*Dear Tamara:

My husband and I have been married for six years. We have three children. Four-year old-twins and a twelve-year-old son I had from a previous relationship. While my husband has not officially adopted my son, he has been the only father my son has known for the last six years. Recently my son’s father contacted me and wants to see and develop a relationship with his son and my husband thinks it’s a bad idea. Because my son’s father spent time in jail and doesn’t have as much money as we do, my husband feels my son’s father is not the best example. My husband is an attorney and able to provide very well for our family. My husband is also uncomfortable with me communicating with my son’s father. While I want my child to know his real father, I don’t want to upset our home or make my husband uncomfortable. How should I deal with this situation?

Concerned Wife and Mother

Dear Concerned:

It seems that blended families are becoming the norm. Very seldom do you meet someone today who does not already have children from a previous marriage or relationship. I too am in a blended family situation and I know that the many different relationships can be difficult to manage. But as adults and parents, we have to be able to put our personal feelings and insecurities aside and make decisions in the best interest of the children involved.

I understand you wanting to upset the current dynamics of your home. It is always commendable when a man steps in and can care for another man’s child as his own (and vice versa when it is a woman stepping up to the plate), but that does not automatically erase the child’s need to have a relationship with their biological parent.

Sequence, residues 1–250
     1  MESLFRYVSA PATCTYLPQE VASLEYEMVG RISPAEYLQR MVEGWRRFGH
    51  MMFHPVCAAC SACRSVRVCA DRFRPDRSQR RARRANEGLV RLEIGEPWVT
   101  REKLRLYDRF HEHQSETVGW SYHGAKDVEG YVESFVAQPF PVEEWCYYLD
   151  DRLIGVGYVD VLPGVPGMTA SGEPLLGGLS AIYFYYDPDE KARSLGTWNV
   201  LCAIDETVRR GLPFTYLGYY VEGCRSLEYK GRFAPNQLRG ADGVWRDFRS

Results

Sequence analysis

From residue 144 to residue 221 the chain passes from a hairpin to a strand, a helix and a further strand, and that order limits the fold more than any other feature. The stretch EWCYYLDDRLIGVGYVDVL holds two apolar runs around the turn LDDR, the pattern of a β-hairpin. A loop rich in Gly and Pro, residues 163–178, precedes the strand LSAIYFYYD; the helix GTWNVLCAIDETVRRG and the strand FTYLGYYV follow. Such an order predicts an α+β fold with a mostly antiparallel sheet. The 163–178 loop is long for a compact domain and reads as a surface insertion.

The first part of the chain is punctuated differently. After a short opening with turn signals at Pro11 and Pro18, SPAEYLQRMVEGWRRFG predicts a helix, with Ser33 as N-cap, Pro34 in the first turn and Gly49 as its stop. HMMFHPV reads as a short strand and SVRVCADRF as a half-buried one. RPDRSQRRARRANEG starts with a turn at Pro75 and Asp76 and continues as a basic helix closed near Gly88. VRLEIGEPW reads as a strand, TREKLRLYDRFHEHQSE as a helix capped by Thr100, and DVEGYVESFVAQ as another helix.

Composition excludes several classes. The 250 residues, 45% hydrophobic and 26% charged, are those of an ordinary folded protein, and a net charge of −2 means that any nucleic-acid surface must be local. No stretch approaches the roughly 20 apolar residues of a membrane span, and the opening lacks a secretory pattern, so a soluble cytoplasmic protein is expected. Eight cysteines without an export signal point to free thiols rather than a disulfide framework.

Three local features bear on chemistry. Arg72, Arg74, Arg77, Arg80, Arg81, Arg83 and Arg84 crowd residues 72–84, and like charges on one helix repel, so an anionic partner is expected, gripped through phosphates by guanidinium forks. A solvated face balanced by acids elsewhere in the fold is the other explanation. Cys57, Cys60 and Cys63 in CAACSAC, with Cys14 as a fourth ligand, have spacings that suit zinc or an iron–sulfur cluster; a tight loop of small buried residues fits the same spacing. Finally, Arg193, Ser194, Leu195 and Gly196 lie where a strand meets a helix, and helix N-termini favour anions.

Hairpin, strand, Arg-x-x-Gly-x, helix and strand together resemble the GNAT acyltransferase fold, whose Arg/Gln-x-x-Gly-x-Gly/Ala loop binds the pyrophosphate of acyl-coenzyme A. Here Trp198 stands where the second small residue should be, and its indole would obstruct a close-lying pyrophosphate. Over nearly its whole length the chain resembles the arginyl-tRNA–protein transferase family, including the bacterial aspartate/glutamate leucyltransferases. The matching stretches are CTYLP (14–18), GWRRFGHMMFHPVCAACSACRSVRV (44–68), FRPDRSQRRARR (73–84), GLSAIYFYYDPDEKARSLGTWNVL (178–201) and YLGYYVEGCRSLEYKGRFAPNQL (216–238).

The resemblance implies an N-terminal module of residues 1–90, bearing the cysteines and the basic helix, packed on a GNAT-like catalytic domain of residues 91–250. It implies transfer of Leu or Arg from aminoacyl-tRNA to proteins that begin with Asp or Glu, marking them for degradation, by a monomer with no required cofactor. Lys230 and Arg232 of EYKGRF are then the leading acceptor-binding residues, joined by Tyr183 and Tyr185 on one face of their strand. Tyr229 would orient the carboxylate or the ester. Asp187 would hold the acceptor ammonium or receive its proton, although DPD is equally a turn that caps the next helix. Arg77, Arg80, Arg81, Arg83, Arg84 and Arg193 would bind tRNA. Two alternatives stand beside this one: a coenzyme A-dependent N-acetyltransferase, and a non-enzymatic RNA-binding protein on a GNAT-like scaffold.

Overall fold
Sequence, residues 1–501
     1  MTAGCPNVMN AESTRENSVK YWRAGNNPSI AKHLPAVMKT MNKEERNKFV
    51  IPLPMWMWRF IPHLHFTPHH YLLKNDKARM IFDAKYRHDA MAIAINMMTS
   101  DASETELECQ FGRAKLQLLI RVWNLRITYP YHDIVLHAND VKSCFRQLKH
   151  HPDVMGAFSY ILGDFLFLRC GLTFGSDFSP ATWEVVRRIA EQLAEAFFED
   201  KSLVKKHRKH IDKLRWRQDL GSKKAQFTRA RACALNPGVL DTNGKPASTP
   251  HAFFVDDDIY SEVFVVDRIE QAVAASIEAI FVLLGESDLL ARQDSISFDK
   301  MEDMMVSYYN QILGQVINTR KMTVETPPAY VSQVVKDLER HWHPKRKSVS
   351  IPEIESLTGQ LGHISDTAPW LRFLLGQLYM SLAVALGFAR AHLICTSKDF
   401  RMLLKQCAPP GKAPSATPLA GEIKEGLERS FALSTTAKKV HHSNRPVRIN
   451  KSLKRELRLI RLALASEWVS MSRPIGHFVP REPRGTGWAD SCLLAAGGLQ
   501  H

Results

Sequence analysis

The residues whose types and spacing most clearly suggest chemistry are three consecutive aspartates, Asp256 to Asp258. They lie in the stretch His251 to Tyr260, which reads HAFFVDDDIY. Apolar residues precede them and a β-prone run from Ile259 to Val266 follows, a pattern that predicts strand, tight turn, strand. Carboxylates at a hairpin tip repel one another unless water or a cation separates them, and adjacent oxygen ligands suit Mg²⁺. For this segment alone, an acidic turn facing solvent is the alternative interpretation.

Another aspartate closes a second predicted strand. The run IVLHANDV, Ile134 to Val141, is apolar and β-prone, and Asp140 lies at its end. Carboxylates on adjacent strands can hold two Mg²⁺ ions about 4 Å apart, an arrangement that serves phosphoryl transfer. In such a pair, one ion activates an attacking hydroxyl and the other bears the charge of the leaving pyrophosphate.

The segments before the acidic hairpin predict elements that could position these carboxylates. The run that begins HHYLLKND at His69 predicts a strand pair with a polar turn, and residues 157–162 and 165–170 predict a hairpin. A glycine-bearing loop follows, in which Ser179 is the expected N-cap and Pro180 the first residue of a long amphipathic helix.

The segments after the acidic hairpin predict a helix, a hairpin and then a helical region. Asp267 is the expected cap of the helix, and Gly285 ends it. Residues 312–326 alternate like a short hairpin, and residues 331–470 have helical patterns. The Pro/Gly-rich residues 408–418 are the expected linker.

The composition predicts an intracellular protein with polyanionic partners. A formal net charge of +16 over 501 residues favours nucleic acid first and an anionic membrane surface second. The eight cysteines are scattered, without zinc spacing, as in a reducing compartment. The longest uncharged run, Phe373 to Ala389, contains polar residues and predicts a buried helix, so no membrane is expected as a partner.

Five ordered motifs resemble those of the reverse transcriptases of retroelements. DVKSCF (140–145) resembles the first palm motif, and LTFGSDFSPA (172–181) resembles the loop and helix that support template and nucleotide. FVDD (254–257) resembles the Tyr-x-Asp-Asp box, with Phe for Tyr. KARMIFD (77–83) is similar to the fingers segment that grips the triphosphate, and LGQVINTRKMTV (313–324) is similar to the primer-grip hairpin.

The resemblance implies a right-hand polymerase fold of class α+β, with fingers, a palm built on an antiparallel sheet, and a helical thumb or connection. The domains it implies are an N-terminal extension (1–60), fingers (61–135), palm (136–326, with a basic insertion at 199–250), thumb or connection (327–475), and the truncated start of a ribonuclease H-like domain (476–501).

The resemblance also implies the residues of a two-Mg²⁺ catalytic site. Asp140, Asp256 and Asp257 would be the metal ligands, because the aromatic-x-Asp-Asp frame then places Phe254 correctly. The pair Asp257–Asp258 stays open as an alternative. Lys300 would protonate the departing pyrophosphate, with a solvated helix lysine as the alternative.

While I do not know the full circumstances surrounding your situation and previous relationship with your child’s father, I know the importance of a child having a relationship with both of their parents. If your son’s father has a genuine interest in developing a relationship with his son, his past, his occupation and financial status should not be used as the sole factors to keep him away. While finances are certainly needed to care for a child, it is not the only thing a parent can provide.

You have shared your husband’s insecurities and your feelings about wanting to keep peace, but what you did not share was your son’s feelings. At twelve years old, I am sure that he also has some feelings about the matter. Have you and your husband sat down and talked with your son? Despite the fact that your husband has been an excellent provider, your son may have his own feelings and needs concerning a relationship with his biological father that have nothing to do with you or your husband and the love he has either of you. If your son wants a relationship with his father, you and your husband need to be encouraging and supportive. Don’t allow your own insecurities to influence or hinder such an important relationship in a child’s life.

I also encourage you, your husband, and your son’s father to all sit down and communicate with one another like adults with one common concern, the welfare of your son.

Author of the upcoming book Been There Done That: And Lived to Tell About It (due out Spring 2011), Tamara R. Allen is Your Advice Guru giving REAL advice from REAL experience. Email your questions to [email protected]. You can follow Tamara on twitter @tamararallen or check out her daily column and archives at www.tamararallen.com.